5. 5. cognizant 20-20 insights 5 mining the offering that will be the best fit for the participant. Products’ features can be designed based on analysis of the data. (See Figure 9). Plan sponsors should educate all employees about their IRR need and devise actionable strat- egies for improving plan participation rates. At the same time, retirement-planning companies need to help their end customers better predict and plan for their future financial needs. Robust data analytics can help organizations assure more effective retirement planning and stay ahead of the game in the next decade. Data Mining Components and Benefits Industry Data Encourage long and loyal employee service. Customized communication. Improve returns on the investments. Product features vs. plan performance. Plan fee management. Tailor healthcare plans. Analysis based on combination of domain knowledge and statistical techniques. Outcome of analysis for actionable information. Transactional Data Demographic Data Figure 9 References • Calculating Your Replacement Ratio. Home/retirement-strategy/calculate-replacement-ratio.aspx. • Income Replacement Ratios in Health and Retirement Study. • Allen, Earle. Secret to a 401(K) Plan’s Success: The Income Replacement Ratio. • Hewitt, AON. 2012 Hot Topics in Retirement. sulting/2012_Hot_Topics_in_Retirement_highlights.pdf. • Scholz, John Carl and Ananth Seshadri. What Replacement Rates Should Households Use? • Principal Financial Group. Participant Savings Rates and Income Replacement Ratio. http://www. replace-ratios.htm. • Jack VanDerhei, Temple University and EBRI Fellow. Measuring Retirement Income Adequacy: Calculating Realistic Income Replacement Rates. Measuring_retirement_income_adequacy_calculating_realistic_income_replacement_rates. • Cognizant Business Consulting. IRR Need Analysis Methodology.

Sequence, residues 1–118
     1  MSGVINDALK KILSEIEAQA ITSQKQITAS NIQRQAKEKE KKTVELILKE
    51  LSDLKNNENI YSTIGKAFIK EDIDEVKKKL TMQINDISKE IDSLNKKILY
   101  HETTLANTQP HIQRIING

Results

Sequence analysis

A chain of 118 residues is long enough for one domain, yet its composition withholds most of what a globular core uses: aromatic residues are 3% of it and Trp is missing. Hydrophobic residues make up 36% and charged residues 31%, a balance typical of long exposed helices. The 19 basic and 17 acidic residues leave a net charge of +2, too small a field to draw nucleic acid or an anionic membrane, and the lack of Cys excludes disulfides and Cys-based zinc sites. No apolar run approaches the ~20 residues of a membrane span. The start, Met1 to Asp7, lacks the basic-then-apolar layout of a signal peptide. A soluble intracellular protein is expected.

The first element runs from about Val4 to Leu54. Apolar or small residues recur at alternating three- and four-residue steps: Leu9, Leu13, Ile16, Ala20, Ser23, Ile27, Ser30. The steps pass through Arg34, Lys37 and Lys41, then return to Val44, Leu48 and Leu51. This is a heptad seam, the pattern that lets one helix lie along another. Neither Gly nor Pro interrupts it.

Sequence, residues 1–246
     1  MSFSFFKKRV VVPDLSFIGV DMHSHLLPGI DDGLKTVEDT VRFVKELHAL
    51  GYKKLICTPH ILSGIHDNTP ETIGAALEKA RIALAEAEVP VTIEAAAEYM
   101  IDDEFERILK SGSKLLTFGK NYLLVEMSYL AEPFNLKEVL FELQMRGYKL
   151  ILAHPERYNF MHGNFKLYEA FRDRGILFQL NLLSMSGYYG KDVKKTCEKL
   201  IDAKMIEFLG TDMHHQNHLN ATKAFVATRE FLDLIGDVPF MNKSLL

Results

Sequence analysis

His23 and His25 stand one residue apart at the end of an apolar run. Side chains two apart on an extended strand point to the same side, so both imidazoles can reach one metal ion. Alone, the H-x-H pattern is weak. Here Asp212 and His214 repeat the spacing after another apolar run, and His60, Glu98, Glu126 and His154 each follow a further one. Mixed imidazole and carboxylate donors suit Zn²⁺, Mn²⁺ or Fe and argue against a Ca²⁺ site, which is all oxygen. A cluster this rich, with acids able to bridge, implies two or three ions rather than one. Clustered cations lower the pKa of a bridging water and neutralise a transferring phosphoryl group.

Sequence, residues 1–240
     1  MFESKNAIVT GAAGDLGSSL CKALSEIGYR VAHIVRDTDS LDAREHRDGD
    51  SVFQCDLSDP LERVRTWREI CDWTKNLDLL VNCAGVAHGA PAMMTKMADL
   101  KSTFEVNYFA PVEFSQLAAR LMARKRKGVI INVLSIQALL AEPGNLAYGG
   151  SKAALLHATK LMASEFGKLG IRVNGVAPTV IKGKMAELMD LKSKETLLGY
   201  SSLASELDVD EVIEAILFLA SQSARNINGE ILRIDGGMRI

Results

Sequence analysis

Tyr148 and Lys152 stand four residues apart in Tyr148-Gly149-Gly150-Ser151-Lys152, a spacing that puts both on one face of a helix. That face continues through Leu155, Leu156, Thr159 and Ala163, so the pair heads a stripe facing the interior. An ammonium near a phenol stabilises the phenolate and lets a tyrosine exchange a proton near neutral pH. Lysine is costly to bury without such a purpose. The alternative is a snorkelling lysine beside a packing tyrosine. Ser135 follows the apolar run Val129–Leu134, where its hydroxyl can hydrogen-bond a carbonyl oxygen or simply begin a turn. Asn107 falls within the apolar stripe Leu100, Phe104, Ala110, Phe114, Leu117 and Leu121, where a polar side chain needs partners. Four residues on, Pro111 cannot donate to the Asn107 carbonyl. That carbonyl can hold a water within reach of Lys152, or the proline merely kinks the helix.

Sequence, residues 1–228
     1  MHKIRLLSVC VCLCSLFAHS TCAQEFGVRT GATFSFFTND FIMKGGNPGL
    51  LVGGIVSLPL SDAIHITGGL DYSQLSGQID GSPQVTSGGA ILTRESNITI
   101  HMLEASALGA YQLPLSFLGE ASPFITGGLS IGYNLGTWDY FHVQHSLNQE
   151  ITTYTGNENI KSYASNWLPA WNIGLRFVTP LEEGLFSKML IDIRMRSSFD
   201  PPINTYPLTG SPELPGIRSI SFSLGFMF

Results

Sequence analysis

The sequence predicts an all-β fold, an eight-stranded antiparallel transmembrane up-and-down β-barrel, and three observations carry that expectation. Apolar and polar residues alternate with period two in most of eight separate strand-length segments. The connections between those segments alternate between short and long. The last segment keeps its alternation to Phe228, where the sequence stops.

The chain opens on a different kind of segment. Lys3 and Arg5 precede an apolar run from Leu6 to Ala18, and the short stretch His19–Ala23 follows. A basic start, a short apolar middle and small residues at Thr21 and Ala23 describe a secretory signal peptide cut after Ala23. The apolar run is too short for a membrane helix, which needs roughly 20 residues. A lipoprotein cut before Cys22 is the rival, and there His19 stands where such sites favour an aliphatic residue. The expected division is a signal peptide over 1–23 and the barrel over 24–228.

6. 6. About Cognizant Cognizant (NASDAQ: CTSH) is a leading provider of information technology, consulting, and business process out- sourcing services, dedicated to helping the world’s leading companies build stronger businesses. Headquartered in Teaneck, New Jersey (U.S.), Cognizant combines a passion for client satisfaction, technology innovation, deep industry and business process expertise, and a global, collaborative workforce that embodies the future of work. With over 50 delivery centers worldwide and approximately 171,400 employees as of December 31, 2013, Cognizant is a member of the NASDAQ-100, the S&P 500, the Forbes Global 2000, and the Fortune 500 and is ranked among the top performing and fastest growing companies in the world. Visit us online at or follow us on Twitter: Cognizant. World Headquarters 500 Frank W. Burr Blvd. Teaneck, NJ 07666 USA Phone: +1 201 801 0233 Fax: +1 201 801 0243 Toll Free: +1 888 937 3277 Email: European Headquarters 1 Kingdom Street Paddington Central London W2 6BD Phone: +44 (0) 20 7297 7600 Fax: +44 (0) 20 7121 0102 Email: India Operations Headquarters #5/535, Old Mahabalipuram Road Okkiyam Pettai, Thoraipakkam Chennai, 600 096 India Phone: +91 (0) 44 4209 6000 Fax: +91 (0) 44 4209 6060 Email: ­­© Copyright 2014, Cognizant. All rights reserved. No part of this document may be reproduced, stored in a retrieval system, transmitted in any form or by any means, electronic, mechanical, photocopying, recording, or otherwise, without the express written permission from Cognizant. The information contained herein is subject to change without notice. All other trademarks mentioned herein are the property of their respective owners. About the Authors Krishnendu Saha is a Senior Consultant with Cognizant Business Consulting’s Banking and Financial Services Practice. Krishnendu has more than nine years of experience in leading business and IT engage- ments, primarily in the benefits administration and capital markets domains. He can be reached at Nishant Dev Arya is a Senior Consultant with Cognizant Business Consulting’s Banking and Financial Services Practice. Nishant has more than nine years of experience in leading business and IT engage- ments, primarily in the Cards and Payments and Asset Management domains. He can be reached at Jay Das is a Senior Manager with Cognizant Business Consulting’s Banking and Financial Services Practice. Jay has 13 years of experience in sectors such as oil and gas, BPO, retail banking, asset and wealth management, and risk management and compliance in financial services in both emerging markets and in the U.S. In financial services, Jay has worked on several consulting engagements at diversified asset and wealth management organizations in the U.S. He can be reached at Glossary Plan sponsor: The plan sponsor is a designated party – usually a company or employer – that sets up a healthcare or retirement plan for the benefit of the organization’s employees. The responsibilities of the plan sponsor include determining membership parameters, selecting investment choices and, in some cases, providing contribution payments in the form of cash and/or stock. Plan administrator: The plan administrator ensures that money is being contributed to the fund, that the proper asset allocation decisions are made, and that payouts are promptly distributed among all qualified plan participants or beneficiaries. Plan participant: A plan participant either contributes to a pension plan or is in a position to receive benefit payments from the plan. Plan participants can include a retired person receiving distributions from a pension plan, a beneficiary, or a dependent named by a contributing member. Auto-enroll: This is the process of automatically enrolling participants in the plan, unless they choose not to participate. Plan match: This involves the employer matching some pre-defined part of the employee’s contribution to the retirement plan. Auto-increase: This is the process of automatically increasing the participant’s contribution by a pre- defined value every year.